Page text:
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Age is just a number

This sports utility has been in the market since its debut at the North American International Auto Show in 2003. When it finally got approval for production due to the positive consumer response, Toyota rolled out the production version in 2005. Built by Toyota’s truck subsidiary Hino Motors and based on a Land Cruiser Prado platform, the FJ Cruiser was a commercial success.

With around 222, 246 units of the Toyota FJ Cruiser sold from the year 2006 up to the time its production was discontinued in 2016, this SUV was  big in the U.S. market during its early years due to its retro styling and performance. It had Land Cruiser blood and genes running through its veins after all. When sales declined in the latter part of the 2016, the FJ was then exported to foreign markets such as the Middle East and Australia and it would eventually find its way here in the Philippines in 2014 where it gained a loyal following specifically among off-road enthusiasts. They seem to like the looks of this modern take on the iconic FJ 40 Land Cruiser, which is evident on the round headlights, pronounced front fenders, chunky C-Pillars and a white roof with color coded exterior and cabin center console.

The “Retro” look of the FJ Cruiser hits the sweet spot for consumers

 Despite its popularity in the domestic market, the FJ also has a healthy dose of critics, most specially among Ilocanos like this writer who cringes every time gasoline prices spikes up. Think of the FJ as an expensive trophy wife, she’s high maintenance, guzzles a lot booze, yet she is gorgeous enough for men to do her bidding. It had that effect on me. So how does a 13-year old SUV compare with the latest 4WD monsters out in the market? This writer found out after spending a few days with this TRD version and taking it for a drive around the dirt trails of Rizal.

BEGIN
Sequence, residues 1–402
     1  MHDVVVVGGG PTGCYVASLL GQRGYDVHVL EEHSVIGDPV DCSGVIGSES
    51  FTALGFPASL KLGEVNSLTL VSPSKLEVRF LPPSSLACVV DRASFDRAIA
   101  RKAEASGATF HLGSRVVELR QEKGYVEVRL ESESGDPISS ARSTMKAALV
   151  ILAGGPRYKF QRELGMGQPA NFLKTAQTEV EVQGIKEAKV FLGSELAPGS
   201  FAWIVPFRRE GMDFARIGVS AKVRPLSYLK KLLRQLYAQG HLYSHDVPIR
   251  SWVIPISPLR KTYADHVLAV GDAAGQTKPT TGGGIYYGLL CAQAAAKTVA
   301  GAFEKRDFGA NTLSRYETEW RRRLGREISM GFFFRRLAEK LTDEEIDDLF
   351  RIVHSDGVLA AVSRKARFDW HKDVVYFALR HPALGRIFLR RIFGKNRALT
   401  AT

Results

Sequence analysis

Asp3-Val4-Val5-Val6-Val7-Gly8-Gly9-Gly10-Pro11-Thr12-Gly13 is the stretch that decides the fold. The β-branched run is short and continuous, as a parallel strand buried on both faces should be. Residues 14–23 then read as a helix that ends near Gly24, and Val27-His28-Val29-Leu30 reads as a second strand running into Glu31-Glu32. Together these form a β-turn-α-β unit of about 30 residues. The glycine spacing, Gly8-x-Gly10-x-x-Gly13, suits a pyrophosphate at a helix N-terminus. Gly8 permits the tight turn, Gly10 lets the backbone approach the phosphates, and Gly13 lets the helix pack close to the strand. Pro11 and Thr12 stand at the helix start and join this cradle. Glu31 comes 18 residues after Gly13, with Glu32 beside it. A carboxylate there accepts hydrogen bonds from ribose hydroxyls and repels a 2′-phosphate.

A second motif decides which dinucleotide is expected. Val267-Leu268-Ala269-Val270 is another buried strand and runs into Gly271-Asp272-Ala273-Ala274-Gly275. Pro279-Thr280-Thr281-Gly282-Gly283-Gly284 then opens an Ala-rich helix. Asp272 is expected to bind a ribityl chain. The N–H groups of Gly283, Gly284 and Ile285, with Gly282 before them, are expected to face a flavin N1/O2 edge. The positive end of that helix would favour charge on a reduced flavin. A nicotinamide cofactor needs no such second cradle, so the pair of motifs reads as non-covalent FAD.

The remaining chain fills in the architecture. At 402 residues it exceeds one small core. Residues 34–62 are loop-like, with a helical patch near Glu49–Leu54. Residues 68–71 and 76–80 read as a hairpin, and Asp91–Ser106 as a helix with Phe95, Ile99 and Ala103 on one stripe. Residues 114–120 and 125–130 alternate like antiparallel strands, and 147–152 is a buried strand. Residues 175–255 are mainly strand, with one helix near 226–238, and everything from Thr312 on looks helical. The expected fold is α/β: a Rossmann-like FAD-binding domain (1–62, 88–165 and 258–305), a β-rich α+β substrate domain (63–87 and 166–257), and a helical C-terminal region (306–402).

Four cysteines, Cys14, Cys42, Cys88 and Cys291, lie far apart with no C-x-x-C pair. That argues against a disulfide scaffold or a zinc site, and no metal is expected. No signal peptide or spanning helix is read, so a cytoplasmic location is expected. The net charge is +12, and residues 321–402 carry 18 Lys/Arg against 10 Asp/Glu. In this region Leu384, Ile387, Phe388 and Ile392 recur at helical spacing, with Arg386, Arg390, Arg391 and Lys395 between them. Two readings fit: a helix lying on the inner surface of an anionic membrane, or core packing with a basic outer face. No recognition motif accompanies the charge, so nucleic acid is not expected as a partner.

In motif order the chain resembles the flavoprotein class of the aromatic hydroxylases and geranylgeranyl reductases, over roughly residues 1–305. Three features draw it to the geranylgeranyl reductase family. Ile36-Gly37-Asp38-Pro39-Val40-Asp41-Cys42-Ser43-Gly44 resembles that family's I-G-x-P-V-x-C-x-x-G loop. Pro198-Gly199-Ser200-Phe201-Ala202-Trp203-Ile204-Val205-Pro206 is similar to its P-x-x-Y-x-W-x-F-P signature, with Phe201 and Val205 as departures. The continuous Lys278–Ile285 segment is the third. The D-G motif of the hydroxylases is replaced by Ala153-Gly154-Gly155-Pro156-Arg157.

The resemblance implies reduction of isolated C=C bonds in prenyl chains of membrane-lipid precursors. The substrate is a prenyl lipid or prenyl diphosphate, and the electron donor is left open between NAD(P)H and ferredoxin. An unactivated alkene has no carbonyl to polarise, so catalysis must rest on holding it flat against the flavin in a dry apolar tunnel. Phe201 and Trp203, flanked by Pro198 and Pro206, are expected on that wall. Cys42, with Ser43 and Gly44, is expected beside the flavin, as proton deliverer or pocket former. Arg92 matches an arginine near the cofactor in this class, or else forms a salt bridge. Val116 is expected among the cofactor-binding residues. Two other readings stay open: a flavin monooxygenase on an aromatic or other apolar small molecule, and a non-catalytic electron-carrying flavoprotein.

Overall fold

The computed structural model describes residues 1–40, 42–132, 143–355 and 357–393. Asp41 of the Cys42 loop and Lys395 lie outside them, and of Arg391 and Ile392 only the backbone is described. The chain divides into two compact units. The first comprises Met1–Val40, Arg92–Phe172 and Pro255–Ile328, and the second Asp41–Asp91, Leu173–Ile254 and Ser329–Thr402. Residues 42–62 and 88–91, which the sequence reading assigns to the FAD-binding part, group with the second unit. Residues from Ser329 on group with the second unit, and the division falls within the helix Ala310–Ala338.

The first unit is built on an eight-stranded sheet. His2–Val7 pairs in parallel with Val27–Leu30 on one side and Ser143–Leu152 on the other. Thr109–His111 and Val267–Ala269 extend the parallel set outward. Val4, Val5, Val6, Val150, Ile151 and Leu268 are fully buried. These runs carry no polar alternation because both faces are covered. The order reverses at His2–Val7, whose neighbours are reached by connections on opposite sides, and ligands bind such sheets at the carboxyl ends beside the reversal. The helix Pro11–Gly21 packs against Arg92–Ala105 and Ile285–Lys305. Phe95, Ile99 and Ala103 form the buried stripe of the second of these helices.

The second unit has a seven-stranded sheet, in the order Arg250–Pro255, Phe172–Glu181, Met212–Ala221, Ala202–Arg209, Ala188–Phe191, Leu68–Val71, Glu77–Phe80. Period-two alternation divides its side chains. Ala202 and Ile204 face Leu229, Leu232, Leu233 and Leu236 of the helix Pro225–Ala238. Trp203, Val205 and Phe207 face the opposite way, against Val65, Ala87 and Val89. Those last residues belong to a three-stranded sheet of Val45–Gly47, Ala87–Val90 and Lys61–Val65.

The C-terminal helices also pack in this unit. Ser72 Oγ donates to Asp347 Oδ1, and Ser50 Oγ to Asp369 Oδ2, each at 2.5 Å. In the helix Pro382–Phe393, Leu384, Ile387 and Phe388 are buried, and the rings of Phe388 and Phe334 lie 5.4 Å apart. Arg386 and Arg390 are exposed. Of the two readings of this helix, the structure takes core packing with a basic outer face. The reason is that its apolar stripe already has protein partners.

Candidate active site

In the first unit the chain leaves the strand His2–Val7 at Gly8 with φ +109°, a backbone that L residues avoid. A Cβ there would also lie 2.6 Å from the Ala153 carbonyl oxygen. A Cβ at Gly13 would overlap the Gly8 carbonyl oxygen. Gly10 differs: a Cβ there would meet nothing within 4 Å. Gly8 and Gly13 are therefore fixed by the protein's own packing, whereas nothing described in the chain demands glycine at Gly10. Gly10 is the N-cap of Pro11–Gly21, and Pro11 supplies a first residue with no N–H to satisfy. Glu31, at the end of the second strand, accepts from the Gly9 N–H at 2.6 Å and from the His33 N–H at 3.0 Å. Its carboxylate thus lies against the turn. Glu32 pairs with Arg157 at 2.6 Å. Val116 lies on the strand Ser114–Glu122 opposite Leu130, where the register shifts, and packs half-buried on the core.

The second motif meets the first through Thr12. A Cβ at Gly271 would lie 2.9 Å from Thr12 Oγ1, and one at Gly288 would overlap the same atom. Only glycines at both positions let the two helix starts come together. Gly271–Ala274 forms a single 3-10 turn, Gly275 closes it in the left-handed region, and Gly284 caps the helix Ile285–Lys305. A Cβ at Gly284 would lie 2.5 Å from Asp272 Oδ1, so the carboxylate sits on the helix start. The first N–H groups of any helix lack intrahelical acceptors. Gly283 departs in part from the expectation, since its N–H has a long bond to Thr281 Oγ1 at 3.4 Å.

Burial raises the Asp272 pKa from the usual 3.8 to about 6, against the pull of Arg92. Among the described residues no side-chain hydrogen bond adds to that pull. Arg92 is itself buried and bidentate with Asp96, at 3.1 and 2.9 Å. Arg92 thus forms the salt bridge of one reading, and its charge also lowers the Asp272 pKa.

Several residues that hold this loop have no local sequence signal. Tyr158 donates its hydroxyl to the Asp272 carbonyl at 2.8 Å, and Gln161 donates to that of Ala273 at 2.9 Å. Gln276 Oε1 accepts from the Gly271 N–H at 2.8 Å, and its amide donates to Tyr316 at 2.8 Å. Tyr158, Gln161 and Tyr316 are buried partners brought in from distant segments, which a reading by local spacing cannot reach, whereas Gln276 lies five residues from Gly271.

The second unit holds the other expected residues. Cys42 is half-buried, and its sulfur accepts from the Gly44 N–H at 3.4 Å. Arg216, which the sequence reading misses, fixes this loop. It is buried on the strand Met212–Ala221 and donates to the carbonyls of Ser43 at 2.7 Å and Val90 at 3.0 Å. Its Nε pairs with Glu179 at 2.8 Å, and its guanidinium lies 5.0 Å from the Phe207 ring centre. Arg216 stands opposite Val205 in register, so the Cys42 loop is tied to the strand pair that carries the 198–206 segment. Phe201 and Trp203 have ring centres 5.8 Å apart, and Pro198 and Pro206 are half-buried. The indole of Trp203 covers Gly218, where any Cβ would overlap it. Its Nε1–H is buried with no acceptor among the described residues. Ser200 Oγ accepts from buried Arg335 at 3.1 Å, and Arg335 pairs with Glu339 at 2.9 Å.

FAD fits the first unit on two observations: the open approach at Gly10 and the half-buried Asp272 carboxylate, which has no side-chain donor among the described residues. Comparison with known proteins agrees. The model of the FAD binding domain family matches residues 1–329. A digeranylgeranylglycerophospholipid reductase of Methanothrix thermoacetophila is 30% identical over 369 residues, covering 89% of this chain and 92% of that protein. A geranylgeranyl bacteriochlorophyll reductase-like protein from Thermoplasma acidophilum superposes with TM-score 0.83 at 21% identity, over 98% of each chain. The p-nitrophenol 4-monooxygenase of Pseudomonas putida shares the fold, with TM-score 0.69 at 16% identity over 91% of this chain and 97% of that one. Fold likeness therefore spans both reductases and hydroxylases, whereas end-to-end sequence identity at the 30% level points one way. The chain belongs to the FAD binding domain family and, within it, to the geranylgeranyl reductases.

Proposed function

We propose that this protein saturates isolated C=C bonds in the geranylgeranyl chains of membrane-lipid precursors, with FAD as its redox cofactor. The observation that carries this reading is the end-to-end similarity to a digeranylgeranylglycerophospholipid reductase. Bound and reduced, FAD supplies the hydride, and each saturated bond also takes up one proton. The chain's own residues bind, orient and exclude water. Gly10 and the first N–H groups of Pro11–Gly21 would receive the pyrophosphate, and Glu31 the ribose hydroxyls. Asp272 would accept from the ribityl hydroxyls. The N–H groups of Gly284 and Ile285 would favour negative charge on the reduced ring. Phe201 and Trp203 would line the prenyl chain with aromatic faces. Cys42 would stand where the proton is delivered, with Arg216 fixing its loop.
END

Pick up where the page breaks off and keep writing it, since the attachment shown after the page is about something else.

Jumping in through the suicide doors, a basic interior welcomes you which includes a 4WD lever and an audio system that reminds you of the nineties. The dashboard features basic controls and in keeping with the “retro” feel of the interior, there’s a good old fashioned pitch and roll indicator with a compass right smack in the middle of the dashboard. One can immediately feel that this SUV was built and engineered with the U.S. market in mind. There’s a lot of room in the cabin and the space between the front driver and passenger reminds you of the H1 Hummer. Forget about holding hands and getting intimate up front unless if you’re Shaquille O Neal. 

Driving it around paved roads for the duration of my test drive was a comfortable experience. It’s not an “86” or a Corolla, so a minor re-adjustment is needed once you get behind the wheel of this two-ton metal beast. Given its high ground clearance, don’t expect it turn like a train on rails on corners and during downhill runs, you might feel a bit of slack when braking, so the key here is to relax and enjoy the ride of the FJ and lap up those deep potholes. You can hardly feel it with this SUV because it is more at home off-road. 

The gas guzzling 268 bhp 4.0 liter quad cam V6 is matted to a five-speed automatic transmission and this baby has the grunt for fast sprints. The lack of a diesel powered version is what hunkers down the sales potential of the FJ, especially after the launch of the Toyota Fortuner and the new Land Cruiser. 

Priced at P1,886,000, this baby is a steal for SUV enthusiasts and for Land Cruiser loyalists. Never mind the lack of creature features, this baby looks good and it gets the job done. The FJ Cruiser is not everyone, because if you want something more practical, better get a Fortuner or a RAV4. But then again, if you’re into supermodels and you don’t mind her being the most practical or her knowing the equation to E equals MC squared, get it. What matters is she’s good in the sack.

Topics: Toyota , FJ Cruiser , sports utility vehicle
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